similar to discussions had in the US. In both environments teachers are concerned
about students behavior in the classrooms as well as discuss lesson plans and share
ideas. Though the preparation for the ACT is discussed among teachers overall I
would say that the HSC is discussed much more among teachers here than they are
among US teachers. One major difference I found in terms of discussion is the topic
that students shouldnt be here anymore. I have never heard teachers say that
students shouldnt be in school any longer in the US. I think this is because in
Australia it seems to be more acceptable to leave school before receiving an HSC and
still be able to work and have a successful career, while in the US it is nearly
impossible to earn anything more than minimum wage without a high school
diploma. Overall I would say teacher discussions are similar when it comes to their
students and lessons, but vary in areas that are different among the two educational
systems and environments.
2. Describe a lesson that you observed that interested you (with permission of the
teacher) in terms of subject, length, aim, teaching strategies, resources used.
Comment on the positive qualities of this lesson. (2-4 paragraphs)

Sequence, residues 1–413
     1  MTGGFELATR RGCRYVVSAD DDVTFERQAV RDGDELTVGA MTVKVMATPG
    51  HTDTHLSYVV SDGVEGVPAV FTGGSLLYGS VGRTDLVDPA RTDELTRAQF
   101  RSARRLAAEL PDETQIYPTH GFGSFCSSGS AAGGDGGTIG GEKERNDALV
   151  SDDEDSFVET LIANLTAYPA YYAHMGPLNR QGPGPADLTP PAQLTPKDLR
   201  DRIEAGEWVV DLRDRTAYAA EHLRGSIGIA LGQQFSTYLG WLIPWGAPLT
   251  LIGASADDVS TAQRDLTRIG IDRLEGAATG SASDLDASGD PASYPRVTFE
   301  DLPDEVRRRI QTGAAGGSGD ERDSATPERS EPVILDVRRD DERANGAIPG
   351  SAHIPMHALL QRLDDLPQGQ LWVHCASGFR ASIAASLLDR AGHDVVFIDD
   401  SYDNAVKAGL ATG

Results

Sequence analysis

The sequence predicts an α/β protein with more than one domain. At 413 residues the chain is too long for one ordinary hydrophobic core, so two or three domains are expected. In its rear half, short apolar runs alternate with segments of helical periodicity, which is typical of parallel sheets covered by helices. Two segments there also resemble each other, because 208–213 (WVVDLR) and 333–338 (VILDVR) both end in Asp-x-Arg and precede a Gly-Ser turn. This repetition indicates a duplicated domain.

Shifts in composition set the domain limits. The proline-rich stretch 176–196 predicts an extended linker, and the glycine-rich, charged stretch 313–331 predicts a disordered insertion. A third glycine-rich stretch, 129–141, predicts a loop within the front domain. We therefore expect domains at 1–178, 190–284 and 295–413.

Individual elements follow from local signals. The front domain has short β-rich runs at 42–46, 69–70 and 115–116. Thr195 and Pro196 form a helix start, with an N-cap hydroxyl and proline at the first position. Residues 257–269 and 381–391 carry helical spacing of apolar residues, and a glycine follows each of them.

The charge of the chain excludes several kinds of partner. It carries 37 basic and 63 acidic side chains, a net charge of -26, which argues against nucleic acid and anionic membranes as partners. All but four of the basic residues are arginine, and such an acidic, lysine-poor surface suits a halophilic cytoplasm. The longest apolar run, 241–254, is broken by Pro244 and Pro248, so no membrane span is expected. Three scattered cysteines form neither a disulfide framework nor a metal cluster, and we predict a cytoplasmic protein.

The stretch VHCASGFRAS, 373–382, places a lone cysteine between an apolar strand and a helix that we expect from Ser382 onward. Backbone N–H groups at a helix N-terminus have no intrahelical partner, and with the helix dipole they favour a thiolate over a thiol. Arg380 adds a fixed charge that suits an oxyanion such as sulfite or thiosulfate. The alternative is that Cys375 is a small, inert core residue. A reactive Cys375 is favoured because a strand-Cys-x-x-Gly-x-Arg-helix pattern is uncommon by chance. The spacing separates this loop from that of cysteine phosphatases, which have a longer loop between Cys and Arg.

One of the lessons I observed was in an elective geography course. The course is
currently focusing on the geography of the United States making the lessons in the

course even more appealing to me seeing as it gives me an opportunity to observe


how other countries teach about the United States. The class is taught by Mr. Laing
and is composed of year 9 and year 10 boys. Being the beginning of the term the
class has just begun learning about different geographical features of the US as well
as label the states and capitols on a map of the country.
The lesson I focused on was a lesson introducing the climate of the country. The
lesson began with questioning. During the questioning Mr. Laing asked students
what they thought the weather would be like? He eventually got students to answer
that there is a wide variety of climates throughout the United States. With this
understanding he continued to question them on why that is the case. He asked
about the size and how the distance from the equator impacted different areas of the
country, he then had students compare the weather in certain areas of the US to
areas in Australia based on their absolute location. After about 15min of questioning
he gave and explained the activity for the day. The assignment was for students to